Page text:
In the most diplomatic of tones, Nutting attempts to explain to her that she cannot vote here and must go to Precinct 11 to do so. An awkward silence fills the space immediately around them. She stares blankly at the booth in front of her.
After an uncomfortable pause, she protests. She tells Nutting that she had called Town Hall and that they had said she could vote at Precinct 8.
He gently tries to explain the situation to her, but she continues to stare blankly at the booth.
“Everybody’s giving me the wrong information,” she says.
Nutting tries to defuse the situation. He apologizes, but chalks it up to people making mistakes. “Yeah, but how many people?” she asks sharply.
“We all do,” he replies.
After a continued back and forth Nutting tries to take her ballot. She recoils, asking him what he’s going to do with it. When he tells her it will be destroyed she opts to rip it herself.
Back at Town Hall, Slayton is taking a lunch break. It’s 12:20 p.m. and the line at his precinct has been slow to nonexistent for the past few hours. Suddenly, in the middle of a bite, Nutting appears from the elevator to alert him of a problem downstairs.
The ballot box has stopped working.
Slayton walks into the voting area to find two voters sitting impatiently in chairs facing the box. The rest of the room, filled with poll workers and Town Clerk’s Office employees, are standing around the box trying to find a way to fix it.
One of the voters mutters aloud, “Should’ve done it by mail…”
The machine has stopped sucking in ballots. A poll worker tries to slide one in to show Slayton the problem. They then step away to give him space with the machine.
Slayton walks around it inquisitively. He kneels down behind it and opens the back to see if any ballots are jammed, but finds none.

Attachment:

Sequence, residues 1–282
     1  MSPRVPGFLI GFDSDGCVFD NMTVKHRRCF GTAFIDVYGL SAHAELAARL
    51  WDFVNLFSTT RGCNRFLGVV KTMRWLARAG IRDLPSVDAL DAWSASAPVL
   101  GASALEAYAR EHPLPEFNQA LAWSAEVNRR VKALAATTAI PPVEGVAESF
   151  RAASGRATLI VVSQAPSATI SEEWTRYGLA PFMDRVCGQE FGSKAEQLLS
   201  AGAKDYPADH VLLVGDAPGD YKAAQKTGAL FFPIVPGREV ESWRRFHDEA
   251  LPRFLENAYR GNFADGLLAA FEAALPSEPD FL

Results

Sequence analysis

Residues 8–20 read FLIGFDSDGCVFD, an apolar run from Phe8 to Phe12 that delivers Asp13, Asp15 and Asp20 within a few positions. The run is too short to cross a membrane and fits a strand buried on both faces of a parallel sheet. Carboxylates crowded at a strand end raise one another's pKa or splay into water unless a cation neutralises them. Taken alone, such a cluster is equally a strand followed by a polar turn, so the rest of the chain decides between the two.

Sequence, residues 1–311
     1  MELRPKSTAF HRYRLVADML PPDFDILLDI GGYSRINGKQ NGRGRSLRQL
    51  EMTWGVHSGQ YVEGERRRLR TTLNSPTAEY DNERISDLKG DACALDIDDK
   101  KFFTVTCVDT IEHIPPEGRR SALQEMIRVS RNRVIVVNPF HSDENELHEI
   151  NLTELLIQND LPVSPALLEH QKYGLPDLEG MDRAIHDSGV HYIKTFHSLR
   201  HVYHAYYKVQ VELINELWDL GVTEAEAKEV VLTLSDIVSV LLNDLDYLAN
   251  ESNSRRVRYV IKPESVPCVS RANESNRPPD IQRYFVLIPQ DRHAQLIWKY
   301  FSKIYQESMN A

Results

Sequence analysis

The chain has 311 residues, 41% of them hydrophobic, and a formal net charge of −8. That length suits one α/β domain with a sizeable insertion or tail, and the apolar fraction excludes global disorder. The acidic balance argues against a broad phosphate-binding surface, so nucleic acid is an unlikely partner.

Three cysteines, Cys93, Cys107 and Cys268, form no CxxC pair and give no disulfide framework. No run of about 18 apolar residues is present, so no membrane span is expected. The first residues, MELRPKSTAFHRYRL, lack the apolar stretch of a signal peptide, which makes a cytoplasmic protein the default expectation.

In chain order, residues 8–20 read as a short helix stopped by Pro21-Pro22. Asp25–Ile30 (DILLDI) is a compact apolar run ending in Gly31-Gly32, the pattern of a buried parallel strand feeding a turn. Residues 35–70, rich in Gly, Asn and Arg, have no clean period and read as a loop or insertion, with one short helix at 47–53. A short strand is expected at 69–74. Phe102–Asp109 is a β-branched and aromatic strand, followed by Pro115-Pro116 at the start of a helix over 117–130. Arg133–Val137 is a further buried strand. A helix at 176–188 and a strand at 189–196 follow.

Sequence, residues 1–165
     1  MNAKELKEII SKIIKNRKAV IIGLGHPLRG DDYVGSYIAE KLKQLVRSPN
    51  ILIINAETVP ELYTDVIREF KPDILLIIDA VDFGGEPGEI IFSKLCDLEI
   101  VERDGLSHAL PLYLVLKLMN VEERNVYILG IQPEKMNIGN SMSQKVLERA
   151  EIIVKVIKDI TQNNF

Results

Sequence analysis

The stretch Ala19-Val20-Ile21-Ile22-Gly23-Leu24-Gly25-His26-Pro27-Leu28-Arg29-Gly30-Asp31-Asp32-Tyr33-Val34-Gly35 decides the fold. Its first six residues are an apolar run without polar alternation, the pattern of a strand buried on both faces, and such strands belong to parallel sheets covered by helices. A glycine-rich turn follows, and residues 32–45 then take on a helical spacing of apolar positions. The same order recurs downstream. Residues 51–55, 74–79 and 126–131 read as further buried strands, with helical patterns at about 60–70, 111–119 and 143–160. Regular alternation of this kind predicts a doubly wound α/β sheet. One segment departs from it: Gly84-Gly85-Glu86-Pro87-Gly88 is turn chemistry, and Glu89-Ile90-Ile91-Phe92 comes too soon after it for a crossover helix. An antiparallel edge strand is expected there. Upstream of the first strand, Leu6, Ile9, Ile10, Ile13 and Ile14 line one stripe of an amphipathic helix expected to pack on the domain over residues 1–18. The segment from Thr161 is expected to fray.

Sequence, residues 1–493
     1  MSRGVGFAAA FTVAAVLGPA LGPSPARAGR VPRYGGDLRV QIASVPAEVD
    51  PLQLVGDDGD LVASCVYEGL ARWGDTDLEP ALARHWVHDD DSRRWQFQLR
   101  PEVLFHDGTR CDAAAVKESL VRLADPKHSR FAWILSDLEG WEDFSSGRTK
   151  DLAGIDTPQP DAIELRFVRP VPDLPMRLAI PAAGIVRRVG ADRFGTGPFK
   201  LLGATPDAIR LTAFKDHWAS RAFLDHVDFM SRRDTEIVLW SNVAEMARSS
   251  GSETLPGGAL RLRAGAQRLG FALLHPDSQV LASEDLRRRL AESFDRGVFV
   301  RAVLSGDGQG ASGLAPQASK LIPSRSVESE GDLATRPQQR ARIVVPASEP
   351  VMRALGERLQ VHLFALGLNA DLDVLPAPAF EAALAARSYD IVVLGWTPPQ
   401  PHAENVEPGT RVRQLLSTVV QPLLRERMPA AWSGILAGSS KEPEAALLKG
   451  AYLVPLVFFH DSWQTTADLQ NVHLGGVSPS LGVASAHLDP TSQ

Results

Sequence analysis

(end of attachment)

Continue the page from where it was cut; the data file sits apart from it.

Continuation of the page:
“Is it plugged in properly?” asks the voter from before.
It’s a good question. Slayton considers unplugging the machine and then replugging it, but hesitates. He fears it might wipe the ballot count for the entire day.
“I haven’t seen this in 10 years,” Slayton remarks.
When Tisbert walks in the room Slayton asks for his opinion on unplugging the ballot box. He seems fairly confident it won’t reset the count. Slayton decides to go for it.
As he’s unplugging the machine the more talkative voter expresses concern on whether her ballot will be counted. Tisbert, trying to reassure her, tells her if the machine won’t do it then it will just have to be hand counted.
“I’m not comfortable with it,” she says in response.
After waiting 10 seconds Slayton plugs the box back in. The room waits with bated breath to see if the reboot will work.
“Thank you, Jesus!” exclaims the other voter who had been waiting.
When Slayton runs into Nutting again he excitedly tells him that the ballot box has been fixed, and how all it took was unplugging it and replugging it in.
“That’s 90 percent of life isn’t it?” he replies.
For his last major task of the day, Nutting takes on the responsibility of a runner. Even though all of the in-person early voting ballots had been advance removed and dropped off at the precincts at the start of the day, mail-in ballots and ballots left in the outdoor drop box continue to trickle in.